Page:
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Taken 21-Apr-18
Visitors 12


20 of 27 photos
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Categories & Keywords

Category:People
Subcategory:
Subcategory Detail:
Keywords:Grimes County Historical Marker, Primus Kelly
Photo Info

Dimensions4288 x 2848
Original file size6.24 MB
Image typeJPEG
Color spacesRGB
Date taken21-Apr-18 08:14
Date modified21-Apr-18 08:14
Shooting Conditions

Camera makeNIKON CORPORATION
Camera modelNIKON D90
Focal length18 mm
Focal length (35mm)27 mm
Max lens aperturef/3.5
Exposure1/60 at f/8
FlashNot fired, auto mode
Exposure bias0 EV
Exposure modeAuto
Exposure prog.Unknown
ISO speedISO 200
Metering modePattern
Digital zoom1x
Primus Kelly

Primus Kelly

Navasota
Grimes County, Texas
30 13.950' N 96 03.275' W
Directions: Start at the intersection of CR-330 and SH-6. Go .6 miles south on SH-6. The marker is on the right (west) side of the road.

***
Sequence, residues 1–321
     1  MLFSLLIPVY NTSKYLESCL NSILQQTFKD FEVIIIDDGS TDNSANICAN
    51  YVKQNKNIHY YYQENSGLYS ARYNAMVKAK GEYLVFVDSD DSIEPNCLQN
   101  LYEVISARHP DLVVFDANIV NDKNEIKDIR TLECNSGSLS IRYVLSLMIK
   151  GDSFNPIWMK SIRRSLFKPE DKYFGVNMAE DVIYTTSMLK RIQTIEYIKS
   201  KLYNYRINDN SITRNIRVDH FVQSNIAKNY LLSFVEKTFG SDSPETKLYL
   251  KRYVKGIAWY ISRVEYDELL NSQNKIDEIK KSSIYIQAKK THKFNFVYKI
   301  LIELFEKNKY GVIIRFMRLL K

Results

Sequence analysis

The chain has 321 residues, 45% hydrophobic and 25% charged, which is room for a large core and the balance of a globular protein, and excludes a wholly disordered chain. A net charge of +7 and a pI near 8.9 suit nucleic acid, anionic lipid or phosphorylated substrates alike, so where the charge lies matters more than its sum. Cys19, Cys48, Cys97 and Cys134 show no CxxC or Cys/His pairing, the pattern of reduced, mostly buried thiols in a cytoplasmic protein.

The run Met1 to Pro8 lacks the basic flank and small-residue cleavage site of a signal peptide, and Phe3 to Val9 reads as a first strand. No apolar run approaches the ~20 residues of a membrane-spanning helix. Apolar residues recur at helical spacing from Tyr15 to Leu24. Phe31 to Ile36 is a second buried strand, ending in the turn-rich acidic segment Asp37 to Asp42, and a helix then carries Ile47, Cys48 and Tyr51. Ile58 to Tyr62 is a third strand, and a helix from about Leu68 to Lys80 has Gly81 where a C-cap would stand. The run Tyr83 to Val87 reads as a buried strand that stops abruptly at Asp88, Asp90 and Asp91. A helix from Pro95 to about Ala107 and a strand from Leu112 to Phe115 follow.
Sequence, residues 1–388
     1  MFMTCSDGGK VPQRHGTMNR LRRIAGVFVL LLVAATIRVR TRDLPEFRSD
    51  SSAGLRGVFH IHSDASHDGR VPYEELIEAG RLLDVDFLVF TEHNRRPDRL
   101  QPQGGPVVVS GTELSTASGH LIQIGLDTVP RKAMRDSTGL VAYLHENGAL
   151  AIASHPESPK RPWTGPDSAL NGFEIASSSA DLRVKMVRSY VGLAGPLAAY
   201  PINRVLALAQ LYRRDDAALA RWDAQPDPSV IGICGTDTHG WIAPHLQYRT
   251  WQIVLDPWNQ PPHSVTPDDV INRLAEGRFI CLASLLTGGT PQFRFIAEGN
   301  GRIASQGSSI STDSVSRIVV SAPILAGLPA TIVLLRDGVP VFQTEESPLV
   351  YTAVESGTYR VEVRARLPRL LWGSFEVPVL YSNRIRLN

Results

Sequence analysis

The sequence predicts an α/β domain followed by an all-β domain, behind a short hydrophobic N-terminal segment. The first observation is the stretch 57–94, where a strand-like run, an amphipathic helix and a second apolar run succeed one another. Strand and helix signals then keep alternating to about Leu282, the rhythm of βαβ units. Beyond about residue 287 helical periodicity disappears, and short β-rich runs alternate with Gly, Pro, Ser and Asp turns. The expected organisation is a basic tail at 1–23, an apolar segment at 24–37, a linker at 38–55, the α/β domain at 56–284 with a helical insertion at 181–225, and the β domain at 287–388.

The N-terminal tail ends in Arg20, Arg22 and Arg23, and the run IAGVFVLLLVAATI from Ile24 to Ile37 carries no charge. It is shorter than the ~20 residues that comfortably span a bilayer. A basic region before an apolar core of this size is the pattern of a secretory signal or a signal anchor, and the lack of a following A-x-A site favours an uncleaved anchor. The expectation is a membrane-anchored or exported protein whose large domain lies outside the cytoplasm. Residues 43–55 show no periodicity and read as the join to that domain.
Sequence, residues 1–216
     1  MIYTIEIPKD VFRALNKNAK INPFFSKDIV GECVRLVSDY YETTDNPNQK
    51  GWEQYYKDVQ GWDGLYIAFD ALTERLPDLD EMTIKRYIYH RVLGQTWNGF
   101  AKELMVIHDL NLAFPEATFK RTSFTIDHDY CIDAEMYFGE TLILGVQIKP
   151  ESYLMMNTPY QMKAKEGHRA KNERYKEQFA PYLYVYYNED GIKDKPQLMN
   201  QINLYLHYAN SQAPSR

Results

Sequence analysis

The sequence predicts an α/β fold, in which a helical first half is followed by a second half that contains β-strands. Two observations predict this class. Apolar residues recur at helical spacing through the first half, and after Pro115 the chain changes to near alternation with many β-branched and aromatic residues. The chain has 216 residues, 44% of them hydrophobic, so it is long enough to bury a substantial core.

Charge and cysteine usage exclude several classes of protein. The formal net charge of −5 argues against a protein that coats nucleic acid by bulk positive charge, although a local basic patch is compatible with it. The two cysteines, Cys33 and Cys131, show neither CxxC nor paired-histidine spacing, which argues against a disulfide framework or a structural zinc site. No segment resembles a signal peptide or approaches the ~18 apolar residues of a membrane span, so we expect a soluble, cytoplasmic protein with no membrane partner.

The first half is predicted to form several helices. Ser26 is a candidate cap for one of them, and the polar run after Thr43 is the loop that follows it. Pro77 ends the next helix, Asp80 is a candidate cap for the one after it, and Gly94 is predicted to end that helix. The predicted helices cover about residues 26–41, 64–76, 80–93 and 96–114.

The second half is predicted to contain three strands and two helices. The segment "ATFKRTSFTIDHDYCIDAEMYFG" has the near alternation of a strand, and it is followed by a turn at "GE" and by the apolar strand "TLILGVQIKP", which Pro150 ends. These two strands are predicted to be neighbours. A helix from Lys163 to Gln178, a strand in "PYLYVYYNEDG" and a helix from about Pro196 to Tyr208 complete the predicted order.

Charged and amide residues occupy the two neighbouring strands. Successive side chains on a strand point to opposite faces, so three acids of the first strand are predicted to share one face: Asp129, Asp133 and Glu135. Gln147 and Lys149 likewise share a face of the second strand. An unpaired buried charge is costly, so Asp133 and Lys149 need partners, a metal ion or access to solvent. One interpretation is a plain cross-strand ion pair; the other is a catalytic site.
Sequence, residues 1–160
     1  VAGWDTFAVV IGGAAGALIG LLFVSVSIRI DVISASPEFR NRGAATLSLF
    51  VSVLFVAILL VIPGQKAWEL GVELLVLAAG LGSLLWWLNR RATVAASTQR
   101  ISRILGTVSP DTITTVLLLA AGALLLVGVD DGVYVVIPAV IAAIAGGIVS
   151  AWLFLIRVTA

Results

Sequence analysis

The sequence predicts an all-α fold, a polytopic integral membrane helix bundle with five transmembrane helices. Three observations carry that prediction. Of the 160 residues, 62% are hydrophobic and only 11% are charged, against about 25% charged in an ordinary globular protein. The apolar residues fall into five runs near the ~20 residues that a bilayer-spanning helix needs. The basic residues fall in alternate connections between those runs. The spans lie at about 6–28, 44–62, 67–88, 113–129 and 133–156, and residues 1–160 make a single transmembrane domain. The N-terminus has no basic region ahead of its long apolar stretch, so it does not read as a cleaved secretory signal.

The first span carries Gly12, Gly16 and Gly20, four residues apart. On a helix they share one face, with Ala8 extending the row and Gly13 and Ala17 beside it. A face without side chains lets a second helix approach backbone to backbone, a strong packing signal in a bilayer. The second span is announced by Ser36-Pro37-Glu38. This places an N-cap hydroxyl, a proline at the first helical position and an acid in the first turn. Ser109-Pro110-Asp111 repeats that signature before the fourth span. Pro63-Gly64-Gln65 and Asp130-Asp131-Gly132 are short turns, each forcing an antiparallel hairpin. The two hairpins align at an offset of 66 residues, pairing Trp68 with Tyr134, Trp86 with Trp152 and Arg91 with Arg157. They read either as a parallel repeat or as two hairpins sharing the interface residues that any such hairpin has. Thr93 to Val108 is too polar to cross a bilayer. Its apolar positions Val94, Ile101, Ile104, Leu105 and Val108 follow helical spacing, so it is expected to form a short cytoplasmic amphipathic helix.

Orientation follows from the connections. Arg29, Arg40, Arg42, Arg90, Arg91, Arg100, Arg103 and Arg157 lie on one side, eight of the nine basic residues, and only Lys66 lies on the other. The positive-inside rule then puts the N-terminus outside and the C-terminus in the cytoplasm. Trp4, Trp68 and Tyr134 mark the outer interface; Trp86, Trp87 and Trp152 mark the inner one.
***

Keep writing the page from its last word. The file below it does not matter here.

Text: A faithful Negro slave. Came to nearby Courtney, Grimes County in 1851 with his master, John W. S. West from North Carolina. West was a prominent and wealthy pioneer planter and landowner. At the outbreak of the Civil War, West sent Kelly "to take care" of his three sons-- Robert M., Richard and John Haywood-- who joined the famous Terry's Texas Rangers, where they served with distinction. Kelly was not content "to wait on" his charges but joined them in battle, firing his own musket and cap and ball pistol. Twice Kelly brought to Texas the wounded Richard, twice took him to the front again. After war, bought a small farm near "Marse Robert", raised a large family and prospered. Died in 1890s. The courage and loyalty of Kelly was typical of most Texas Negro slaves. Hundreds "went to war" with their masters. Many operated the farms and ranches of soldiers away at war, producing food, livestock, cotton and clothing for the Confederacy. Others, did outside work to support their master's families. They protected homes from Indians, bandits and deserters and did community guard and patrol duty. At war's end, most slaves, like Primus Kelly, became useful and productive citizens of Texas.